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Mark Victor Olsen's bioplay about George Wallace and his second wife needs some trimming and more juice to be fully effective. logo
Robert Foxworth and Melinda Page Hamilton
in Cornelia
(© Craig Schwartz)
Rough sex. Political lies. A scheming vixen. A racist with presidential dreams. A drunken, loose-lipped mother-in-law. A brother with ties to the Klan. The Kingdom of Alabama in the 1970s. Playwright Mark Victor Olsen has the makings of a good soap opera, but in the world premiere of Cornelia, now at San Diego's Old Globe Theatre, the soap doesn't bubble as frothily as it could, due of to a nearly three-hour script -- one that also needs more juice from Ethan McSweeny's direction to be fully effective.

The racist, if you haven't guessed, is none other than George C. Wallace (Robert Foxworth), the four-term Governor of Alabama and three-time Presidential candidate, and the vixen is Cornelia Folsom Snively (Melinda Page Hamilton), a divorcee and former beauty queen and water-skiing star, who returns home to Alabama determined to marry the recently widowed ex-governor. Cornelia is equally desperate to return to the Governor's mansion, where she played as a child when her widowed uncle, Big Jim Folsom, ruled Alabama politics, while her larger-than-life mother, Ruby (Beth Grant), played hostess to the state.

When George decides to run for President, Cornelia turns out to be a big asset on the campaign trail -- the classiest and politically savviest wife since Jackie Kennedy. Then the assassination attempt by Arthur Bremer ends the campaign and puts Wallace in a wheelchair.

While the first act flies by, the second act is cumbersome as it focuses squarely on the fallout of the shooting and becomes a series of domestic squabbles. Wallace (whom Foxworth embodies in the first act as all political sleaze and old-man creepiness) loses his drive and charm. Moreover, Cornelia's desire to succeed George as Governor is derided for no good reason -- especially since Wallace did force his first wife, Lurleen, to run for office when term limits at the time prevented him from seeking reelection.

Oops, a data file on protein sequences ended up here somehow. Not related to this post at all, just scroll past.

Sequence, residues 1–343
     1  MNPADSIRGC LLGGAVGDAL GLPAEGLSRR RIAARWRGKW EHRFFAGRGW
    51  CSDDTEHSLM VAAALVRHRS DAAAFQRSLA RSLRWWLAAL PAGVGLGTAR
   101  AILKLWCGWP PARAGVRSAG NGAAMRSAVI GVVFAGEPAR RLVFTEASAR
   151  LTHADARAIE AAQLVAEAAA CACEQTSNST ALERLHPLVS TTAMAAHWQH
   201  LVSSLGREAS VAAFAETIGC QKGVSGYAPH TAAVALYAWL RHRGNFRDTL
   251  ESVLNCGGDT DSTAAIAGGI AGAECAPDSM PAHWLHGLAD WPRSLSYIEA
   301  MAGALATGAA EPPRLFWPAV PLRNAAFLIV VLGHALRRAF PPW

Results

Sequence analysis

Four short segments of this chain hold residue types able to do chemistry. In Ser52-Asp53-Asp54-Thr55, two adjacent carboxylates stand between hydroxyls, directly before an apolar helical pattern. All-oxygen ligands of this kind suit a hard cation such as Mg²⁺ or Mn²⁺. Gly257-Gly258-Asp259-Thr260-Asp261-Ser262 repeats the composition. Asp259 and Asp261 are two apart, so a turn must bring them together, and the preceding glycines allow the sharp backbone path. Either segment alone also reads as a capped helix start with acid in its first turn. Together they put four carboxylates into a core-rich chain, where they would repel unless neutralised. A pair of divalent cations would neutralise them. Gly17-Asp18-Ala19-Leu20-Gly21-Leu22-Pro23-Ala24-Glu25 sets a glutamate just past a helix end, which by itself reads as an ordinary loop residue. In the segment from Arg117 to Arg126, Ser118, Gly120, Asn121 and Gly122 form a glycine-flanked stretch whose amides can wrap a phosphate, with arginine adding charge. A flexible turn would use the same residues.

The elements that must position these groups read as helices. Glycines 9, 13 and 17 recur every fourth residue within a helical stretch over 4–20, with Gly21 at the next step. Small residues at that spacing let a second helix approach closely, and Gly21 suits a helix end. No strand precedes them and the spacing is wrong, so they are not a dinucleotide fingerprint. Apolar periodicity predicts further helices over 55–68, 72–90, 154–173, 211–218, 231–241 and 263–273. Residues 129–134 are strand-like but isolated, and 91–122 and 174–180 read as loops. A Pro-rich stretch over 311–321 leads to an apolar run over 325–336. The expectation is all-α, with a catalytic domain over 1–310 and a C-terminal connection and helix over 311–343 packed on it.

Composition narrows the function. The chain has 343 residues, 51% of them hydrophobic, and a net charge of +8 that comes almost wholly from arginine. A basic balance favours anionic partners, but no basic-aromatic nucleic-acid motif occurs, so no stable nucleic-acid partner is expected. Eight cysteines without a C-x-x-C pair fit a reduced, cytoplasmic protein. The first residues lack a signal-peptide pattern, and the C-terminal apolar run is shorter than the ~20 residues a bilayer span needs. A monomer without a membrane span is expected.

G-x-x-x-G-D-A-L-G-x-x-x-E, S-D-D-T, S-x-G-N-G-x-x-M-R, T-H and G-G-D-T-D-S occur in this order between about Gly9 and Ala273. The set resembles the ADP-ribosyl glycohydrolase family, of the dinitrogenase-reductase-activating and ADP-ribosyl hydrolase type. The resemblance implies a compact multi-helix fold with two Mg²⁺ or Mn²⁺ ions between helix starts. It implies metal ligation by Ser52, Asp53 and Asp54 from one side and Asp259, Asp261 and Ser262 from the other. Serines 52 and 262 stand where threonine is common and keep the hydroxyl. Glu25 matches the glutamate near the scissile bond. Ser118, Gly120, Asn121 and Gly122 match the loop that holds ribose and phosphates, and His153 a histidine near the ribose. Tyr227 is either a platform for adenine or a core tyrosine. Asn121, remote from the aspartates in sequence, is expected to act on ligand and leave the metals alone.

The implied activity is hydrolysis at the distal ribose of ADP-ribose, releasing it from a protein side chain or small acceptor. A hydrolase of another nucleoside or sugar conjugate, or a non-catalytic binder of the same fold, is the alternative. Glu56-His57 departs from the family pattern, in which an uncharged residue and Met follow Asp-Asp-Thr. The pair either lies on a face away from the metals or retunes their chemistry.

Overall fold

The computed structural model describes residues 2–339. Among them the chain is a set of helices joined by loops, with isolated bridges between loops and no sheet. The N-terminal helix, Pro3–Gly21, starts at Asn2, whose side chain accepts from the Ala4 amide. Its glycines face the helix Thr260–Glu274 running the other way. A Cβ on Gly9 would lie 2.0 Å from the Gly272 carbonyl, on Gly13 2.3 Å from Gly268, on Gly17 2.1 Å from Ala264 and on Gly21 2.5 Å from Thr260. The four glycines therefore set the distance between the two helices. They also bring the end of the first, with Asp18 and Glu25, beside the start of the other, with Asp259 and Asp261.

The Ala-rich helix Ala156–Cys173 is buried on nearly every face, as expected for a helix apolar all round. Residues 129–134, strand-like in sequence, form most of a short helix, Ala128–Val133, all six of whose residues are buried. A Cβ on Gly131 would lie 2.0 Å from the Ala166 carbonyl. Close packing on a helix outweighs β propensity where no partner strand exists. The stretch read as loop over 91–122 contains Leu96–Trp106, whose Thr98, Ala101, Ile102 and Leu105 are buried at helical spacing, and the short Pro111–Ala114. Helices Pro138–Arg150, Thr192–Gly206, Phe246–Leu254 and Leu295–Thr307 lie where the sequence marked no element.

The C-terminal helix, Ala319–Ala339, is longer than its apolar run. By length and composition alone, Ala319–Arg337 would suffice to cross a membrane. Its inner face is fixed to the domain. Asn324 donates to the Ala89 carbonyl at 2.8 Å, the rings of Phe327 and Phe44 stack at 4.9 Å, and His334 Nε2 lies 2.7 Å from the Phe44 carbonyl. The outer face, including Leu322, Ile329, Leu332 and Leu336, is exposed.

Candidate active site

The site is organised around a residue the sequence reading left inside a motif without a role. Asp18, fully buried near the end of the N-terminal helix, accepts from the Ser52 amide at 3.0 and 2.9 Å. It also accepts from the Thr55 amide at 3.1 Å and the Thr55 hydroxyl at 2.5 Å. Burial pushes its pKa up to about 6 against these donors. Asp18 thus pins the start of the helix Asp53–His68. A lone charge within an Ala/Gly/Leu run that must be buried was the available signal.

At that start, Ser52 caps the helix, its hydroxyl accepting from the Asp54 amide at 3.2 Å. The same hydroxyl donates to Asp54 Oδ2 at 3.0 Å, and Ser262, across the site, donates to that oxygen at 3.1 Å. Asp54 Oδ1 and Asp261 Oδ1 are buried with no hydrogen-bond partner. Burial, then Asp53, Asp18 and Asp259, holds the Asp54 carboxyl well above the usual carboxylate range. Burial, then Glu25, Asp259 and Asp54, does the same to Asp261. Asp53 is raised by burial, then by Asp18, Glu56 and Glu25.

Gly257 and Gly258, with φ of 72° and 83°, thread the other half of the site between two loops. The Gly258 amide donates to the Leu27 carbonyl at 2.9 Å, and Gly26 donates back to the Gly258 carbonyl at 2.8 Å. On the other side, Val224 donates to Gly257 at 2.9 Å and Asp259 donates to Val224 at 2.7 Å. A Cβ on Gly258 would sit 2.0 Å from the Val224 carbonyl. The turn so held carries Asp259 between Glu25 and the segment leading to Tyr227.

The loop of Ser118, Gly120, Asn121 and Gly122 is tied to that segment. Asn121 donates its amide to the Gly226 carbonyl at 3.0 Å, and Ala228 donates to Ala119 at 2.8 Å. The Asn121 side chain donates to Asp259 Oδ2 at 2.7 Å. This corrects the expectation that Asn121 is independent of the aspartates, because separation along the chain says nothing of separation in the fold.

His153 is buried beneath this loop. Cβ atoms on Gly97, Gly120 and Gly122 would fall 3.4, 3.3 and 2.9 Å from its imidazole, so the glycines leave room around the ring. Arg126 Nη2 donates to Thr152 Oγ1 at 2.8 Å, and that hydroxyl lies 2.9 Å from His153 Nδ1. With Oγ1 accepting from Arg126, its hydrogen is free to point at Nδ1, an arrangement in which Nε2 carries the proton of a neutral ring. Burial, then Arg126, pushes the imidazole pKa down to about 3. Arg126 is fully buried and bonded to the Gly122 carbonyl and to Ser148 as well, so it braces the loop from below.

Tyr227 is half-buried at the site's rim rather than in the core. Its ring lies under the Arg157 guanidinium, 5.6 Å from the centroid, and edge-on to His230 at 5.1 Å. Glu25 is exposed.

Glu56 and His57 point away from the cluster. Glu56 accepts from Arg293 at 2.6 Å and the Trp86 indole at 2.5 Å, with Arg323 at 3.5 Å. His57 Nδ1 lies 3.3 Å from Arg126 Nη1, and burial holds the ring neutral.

John Lee Beatty has created a marvelous scenic design that runs the gamut from a chandelier-draped Governor's mansion to a white-trash front porch, but the lumbering set pieces slow down the transitions from scene to scene. Tracy Christensen's costumes are spot on, and Christopher Akerlind's lighting, Paul Peterson's sound design, and Steven Cahill's original music are all well executed.

In the first act, Hamilton does "flirt" and "determination" very well. Using her shapely legs, she soon has Foxworth's Wallace tied up in knots. But she seems at a loss in the second act, having to play a variation on "The Bickersons" in scene after scene. Grant steals every minute she's on stage as Ruby. Whether belittling her son-in-law, sneaking a drink, or wearing hot pants and cheap hats, she milks every laugh out of her outrageous yet heartfelt character. As George's brother and campaign manager Gerald, T. Ryder Smith slickly essays the villain of the piece. As Gerald's long-suffering wife Marie, Hollis McCarthy doesn't have much to do except defend the spirit and legacy of Lurleen Wallace. But she and Hamilton have one of the show's best scenes, a heart-to-heart girl talk about men and the attraction of love.

In the end, Cornelia seems like a good first draft of a play, but Olsen has much work left to do before sending the Wallaces out on the road.

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